The most important ankle ligaments are the following:
Deltoid (the strong, medial ligament)
Anterior and posterior talofibular (lateral ligaments)
Calcaneofibular (lateral ligaments—see figure Ligaments of the ankle)
Inversion (turning the foot inward) tears the lateral ligaments, usually beginning with the anterior talofibular ligament. Most tears result from inversion. Severe 2nd- and 3rd-degree sprains sometimes cause chronic joint instability and predispose to additional sprains. Inversion can also cause talar dome fractures, with or without an ankle sprain.
Eversion (turning the foot outward) stresses the joint medially. This stress often causes an avulsion fracture of the medial malleolus rather than a ligament sprain because the deltoid ligament is so strong. However, eversion can also cause a sprain. Eversion also compresses the joint laterally; this compression, often combined with dorsiflexion, may fracture the distal fibula or tear the syndesmotic ligaments between the tibia and fibula just proximal to the ankle (called a high ankle sprain). Sometimes eversion forces are transmitted up the fibula, fracturing the fibular head just below the knee (called a Maisonneuve fracture).
Recurrent ankle sprains can damage ankle proprioception and thus predispose to future ankle sprains. Most ankle sprains are mild (1st- or 2nd-degree).
Ankle sprains cause pain, swelling, and sometimes muscle spasms. The location of pain and swelling varies with the type of injury:
Inversion sprains: Usually maximal at the anterolateral ankle
Eversion injuries: Maximal over the deltoid ligament
Maisonneuve fracture: Over the proximal fibula as well as the medial and sometimes lateral ankle
Third-degree sprains (complete tears, often involving both medial and lateral ligaments): Often diffuse (sometimes the ankle appears egg-shaped)
Generally, tenderness is maximal over the damaged ligaments rather than over the bone; tenderness that is greater over bone than over ligaments suggests fracture.
In mild (1st-degree) ankle sprains, the pain and swelling are minimal, but the ankle is weakened and prone to reinjury. Healing takes hours to days.
In moderate to severe (2nd-degree) ankle sprains, the ankle is often swollen and bruised; walking is painful and difficult. Healing takes days to weeks.
In very severe (3rd-degree) ankle sprains, the whole ankle may be swollen and bruised. The ankle is unstable and cannot bear weight. Nerves may also be damaged. Articular cartilage may be torn, resulting in long-term pain, swelling, joint instability, early arthritis, and occasionally gait abnormalities. Healing of very severe ankle sprains usually takes 6 to 8 weeks.
Diagnosis of ankle sprains is primarily clinical; not every patient requires x-rays.
Stress testing to evaluate ligament integrity is important. However, if patients have marked pain and swelling or spasm, the examination is typically delayed until x-rays exclude fractures. Also, swelling and spasm may make joint stability difficult to evaluate; thus, reexamination after several days is helpful. The ankle may be immobilized until examination is possible.
The ankle anterior drawer test is done to evaluate the stability of the anterior talofibular ligament and thus help differentiate between 2nd- and 3rd-degree lateral ligament sprains. For this test, patients sit or lie supine with the knee at least slightly flexed; one of the practitioner's hands prevents forward movement of the anterior distal tibia while the other hand cups the heel, pulling it anteriorly. Forward movement of the foot indicates a 3rd-degree tear.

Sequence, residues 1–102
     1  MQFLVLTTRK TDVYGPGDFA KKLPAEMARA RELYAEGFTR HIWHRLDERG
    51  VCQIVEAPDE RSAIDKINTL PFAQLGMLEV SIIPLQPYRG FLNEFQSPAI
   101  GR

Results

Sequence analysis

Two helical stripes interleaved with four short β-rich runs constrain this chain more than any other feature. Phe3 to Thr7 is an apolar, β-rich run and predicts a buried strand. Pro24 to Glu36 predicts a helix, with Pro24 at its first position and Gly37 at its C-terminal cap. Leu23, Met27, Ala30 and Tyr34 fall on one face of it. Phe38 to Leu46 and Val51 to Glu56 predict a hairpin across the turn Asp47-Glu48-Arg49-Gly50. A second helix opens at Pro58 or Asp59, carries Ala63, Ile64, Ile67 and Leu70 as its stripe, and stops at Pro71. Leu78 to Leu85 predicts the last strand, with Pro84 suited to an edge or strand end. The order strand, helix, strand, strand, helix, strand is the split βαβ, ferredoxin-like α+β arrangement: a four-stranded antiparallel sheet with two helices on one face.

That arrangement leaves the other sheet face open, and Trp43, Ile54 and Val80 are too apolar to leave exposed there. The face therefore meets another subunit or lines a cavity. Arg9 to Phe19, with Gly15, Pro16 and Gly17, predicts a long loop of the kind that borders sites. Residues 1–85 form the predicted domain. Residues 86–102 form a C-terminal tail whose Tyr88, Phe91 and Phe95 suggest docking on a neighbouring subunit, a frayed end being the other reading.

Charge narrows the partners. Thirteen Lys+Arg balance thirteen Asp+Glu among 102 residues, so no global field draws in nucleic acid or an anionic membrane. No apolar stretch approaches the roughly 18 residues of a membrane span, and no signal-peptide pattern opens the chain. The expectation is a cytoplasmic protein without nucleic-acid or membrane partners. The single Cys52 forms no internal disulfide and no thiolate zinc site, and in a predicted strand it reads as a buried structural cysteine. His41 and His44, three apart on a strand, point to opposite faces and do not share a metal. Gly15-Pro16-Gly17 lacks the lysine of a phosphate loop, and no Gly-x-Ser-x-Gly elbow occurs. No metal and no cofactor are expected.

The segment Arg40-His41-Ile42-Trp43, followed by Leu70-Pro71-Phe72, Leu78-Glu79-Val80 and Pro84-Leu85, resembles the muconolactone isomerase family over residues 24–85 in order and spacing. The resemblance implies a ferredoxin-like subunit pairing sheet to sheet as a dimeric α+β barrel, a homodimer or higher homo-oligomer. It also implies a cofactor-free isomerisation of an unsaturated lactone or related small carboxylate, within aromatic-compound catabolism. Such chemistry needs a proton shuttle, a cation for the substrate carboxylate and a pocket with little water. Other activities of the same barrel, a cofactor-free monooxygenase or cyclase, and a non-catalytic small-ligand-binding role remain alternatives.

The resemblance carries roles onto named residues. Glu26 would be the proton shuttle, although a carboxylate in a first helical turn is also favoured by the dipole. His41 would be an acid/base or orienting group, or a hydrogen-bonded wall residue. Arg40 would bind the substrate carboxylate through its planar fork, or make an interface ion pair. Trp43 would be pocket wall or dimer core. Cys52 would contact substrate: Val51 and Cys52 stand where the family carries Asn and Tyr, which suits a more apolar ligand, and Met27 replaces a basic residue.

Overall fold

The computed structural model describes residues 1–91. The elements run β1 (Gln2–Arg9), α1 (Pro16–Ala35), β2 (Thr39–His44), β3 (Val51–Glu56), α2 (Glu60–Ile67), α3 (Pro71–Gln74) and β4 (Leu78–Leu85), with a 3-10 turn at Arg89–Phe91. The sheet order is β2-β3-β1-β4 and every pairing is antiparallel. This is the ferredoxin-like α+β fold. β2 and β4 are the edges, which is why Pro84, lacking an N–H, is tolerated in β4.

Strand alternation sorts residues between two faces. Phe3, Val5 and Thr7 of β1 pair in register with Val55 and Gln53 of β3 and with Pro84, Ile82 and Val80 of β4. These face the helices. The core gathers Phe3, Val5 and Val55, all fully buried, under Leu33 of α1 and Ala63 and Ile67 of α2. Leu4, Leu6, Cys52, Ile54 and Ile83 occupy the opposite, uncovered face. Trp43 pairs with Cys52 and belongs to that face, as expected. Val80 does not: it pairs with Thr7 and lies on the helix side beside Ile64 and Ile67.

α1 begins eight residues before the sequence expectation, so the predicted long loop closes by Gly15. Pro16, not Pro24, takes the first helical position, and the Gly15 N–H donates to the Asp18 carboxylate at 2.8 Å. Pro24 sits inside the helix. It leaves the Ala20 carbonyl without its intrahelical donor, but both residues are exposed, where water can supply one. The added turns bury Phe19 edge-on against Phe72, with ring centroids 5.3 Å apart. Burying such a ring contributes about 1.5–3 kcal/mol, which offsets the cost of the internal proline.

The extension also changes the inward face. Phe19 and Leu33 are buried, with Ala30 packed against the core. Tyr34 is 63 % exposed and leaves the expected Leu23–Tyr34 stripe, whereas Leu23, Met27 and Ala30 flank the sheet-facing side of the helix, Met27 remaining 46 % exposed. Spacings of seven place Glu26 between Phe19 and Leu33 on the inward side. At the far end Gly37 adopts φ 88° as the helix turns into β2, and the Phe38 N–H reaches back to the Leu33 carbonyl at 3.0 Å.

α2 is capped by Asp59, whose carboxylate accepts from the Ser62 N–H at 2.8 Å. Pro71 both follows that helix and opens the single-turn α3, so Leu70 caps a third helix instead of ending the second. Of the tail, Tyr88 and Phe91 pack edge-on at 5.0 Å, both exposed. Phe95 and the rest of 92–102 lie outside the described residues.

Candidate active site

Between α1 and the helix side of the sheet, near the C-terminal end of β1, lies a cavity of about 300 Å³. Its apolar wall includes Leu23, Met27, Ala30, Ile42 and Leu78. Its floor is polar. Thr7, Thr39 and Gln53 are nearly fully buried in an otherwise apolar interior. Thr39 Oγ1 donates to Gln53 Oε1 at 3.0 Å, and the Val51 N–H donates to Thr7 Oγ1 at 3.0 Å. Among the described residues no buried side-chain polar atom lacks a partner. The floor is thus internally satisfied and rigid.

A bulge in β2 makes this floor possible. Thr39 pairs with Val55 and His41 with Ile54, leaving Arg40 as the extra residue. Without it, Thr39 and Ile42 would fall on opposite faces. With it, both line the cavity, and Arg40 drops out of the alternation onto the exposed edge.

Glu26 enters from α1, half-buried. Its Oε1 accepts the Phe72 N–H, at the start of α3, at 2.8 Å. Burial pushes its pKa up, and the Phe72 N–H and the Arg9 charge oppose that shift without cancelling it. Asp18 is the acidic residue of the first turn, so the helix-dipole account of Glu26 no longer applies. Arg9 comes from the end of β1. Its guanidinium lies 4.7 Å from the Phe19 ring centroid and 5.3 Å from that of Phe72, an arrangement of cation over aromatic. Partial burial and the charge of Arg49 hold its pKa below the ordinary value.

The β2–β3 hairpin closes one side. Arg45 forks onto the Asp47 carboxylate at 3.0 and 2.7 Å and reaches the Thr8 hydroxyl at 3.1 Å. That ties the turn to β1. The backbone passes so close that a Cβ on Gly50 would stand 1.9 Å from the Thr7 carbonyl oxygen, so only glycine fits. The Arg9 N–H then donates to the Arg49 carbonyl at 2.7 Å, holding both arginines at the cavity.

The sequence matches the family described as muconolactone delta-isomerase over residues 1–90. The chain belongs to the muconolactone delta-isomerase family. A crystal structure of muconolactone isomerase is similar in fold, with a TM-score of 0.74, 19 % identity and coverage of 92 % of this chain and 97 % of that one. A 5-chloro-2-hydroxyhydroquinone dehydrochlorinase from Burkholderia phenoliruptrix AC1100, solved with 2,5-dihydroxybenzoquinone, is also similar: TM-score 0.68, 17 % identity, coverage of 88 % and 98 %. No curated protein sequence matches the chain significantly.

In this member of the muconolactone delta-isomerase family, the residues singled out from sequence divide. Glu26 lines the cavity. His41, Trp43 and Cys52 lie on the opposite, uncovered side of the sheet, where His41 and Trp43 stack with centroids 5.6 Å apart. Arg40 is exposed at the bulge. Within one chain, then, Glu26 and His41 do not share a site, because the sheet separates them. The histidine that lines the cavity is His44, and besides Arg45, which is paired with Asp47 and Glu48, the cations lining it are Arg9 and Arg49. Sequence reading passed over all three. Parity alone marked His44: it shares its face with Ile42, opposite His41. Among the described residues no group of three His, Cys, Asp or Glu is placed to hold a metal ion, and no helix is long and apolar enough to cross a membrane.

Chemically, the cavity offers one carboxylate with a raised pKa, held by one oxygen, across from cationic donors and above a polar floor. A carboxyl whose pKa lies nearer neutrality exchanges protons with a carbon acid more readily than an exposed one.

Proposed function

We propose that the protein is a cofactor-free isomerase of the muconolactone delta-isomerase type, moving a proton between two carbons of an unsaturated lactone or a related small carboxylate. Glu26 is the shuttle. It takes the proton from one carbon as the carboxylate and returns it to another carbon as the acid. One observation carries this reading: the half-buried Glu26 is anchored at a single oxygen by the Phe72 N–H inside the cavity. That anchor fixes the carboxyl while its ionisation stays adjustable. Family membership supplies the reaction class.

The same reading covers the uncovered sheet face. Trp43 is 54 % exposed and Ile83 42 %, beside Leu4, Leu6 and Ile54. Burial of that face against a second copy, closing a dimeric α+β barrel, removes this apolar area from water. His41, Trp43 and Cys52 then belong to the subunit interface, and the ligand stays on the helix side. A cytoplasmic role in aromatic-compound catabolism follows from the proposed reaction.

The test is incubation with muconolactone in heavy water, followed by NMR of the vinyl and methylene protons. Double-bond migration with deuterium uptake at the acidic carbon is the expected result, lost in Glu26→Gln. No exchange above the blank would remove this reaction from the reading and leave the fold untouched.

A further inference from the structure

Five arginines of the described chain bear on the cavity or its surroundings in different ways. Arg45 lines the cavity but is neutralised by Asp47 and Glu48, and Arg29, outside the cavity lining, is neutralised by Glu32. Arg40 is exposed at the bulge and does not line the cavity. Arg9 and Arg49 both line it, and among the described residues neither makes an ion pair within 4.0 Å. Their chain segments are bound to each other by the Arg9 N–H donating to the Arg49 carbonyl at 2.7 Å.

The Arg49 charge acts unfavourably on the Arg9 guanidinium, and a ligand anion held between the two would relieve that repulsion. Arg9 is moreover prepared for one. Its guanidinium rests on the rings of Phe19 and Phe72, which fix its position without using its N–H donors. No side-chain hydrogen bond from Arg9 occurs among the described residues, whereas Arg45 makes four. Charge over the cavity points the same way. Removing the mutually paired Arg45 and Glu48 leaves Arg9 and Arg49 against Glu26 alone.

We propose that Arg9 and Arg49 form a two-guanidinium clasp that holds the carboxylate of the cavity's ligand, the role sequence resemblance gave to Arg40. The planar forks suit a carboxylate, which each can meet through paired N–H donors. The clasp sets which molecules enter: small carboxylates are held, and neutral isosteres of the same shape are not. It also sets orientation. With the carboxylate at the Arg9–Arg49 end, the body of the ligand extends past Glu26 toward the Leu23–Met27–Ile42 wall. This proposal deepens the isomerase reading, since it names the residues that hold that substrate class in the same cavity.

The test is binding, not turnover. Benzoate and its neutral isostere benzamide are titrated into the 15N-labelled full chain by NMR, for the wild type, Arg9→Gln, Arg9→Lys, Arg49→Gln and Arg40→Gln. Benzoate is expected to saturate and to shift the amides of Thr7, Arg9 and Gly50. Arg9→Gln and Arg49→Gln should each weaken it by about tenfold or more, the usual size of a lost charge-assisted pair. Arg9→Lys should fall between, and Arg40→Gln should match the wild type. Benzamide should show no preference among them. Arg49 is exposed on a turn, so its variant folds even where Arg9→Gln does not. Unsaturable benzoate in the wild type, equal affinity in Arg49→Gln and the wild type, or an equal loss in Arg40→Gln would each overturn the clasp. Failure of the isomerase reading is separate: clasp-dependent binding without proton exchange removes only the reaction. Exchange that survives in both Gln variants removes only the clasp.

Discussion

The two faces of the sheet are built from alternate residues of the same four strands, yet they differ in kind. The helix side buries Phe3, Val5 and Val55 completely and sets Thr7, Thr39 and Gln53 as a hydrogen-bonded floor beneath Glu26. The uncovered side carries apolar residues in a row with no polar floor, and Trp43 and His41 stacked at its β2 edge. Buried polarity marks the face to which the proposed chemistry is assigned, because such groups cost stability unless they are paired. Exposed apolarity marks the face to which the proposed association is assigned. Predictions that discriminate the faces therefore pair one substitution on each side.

High ankle sprains should be considered when eversion is the mechanism and when eversion reproduces pain; the distal tibiofibular joint, just proximal to the talar dome, may be tender.
If findings suggest a deltoid ligament or high ankle sprain, practitioners should check for evidence of a proximal fibular fracture.
Ankle sprains should be differentiated from avulsion fractures of the base of the 5th metatarsal, Achilles tendon injuries, and talar dome fractures, which may cause similar symptoms.
Anteroposterior, lateral, and oblique (mortise) ankle x-rays are taken to exclude clinically significant fractures. Clinical criteria (Ottawa ankle rules) are used to determine whether x-rays are needed; these criteria are used to help limit x-rays to patients more likely to have a fracture that requires specific treatment. Ankle x-ray is required only if patients have ankle pain and one of the following:
If a Maisonneuve fracture is present, x-rays may show a widened mortise.
Sprains that are painful after 6 weeks may require additional testing (eg, MRI) to identify overlooked and subtle injuries, such as talar dome fractures, high ankle sprains, or other complex ankle sprains.
Most ankle sprains heal well with minimal intervention and early mobilization. Splinting alleviates pain but does not appear to affect final outcome. Crutches are used for all sprains until gait is normal.
Other treatment depends on severity of the sprain:
Mild (eg, 1st-degree) sprains: PRICE and weight bearing and mobilization as soon as it can be tolerated (usually within a few days)
Moderate (eg, 2nd-degree) sprains: PRICE, including immobilization of the ankle in a neutral position with a posterior splint or a commercially available boot, followed by mobilization and physical therapy
Severe (eg, 3rd-degree) sprains: Immobilization (possibly with a cast), possibly surgical repair, and physical therapy
High ankle sprains usually require a cast for several weeks.
Before diagnosing an ankle sprain, consider an avulsion fracture of the base of the 5th metatarsal, an Achilles tendon injury, or a talar dome fracture.
Use the Ottawa ankle rules to help decide whether x-rays are necessary.
Evaluate joint stability by stress testing (eg, anterior drawer test), but if needed, delay this testing until swelling and pain subside.
Encourage early mobilization if the sprain is mild.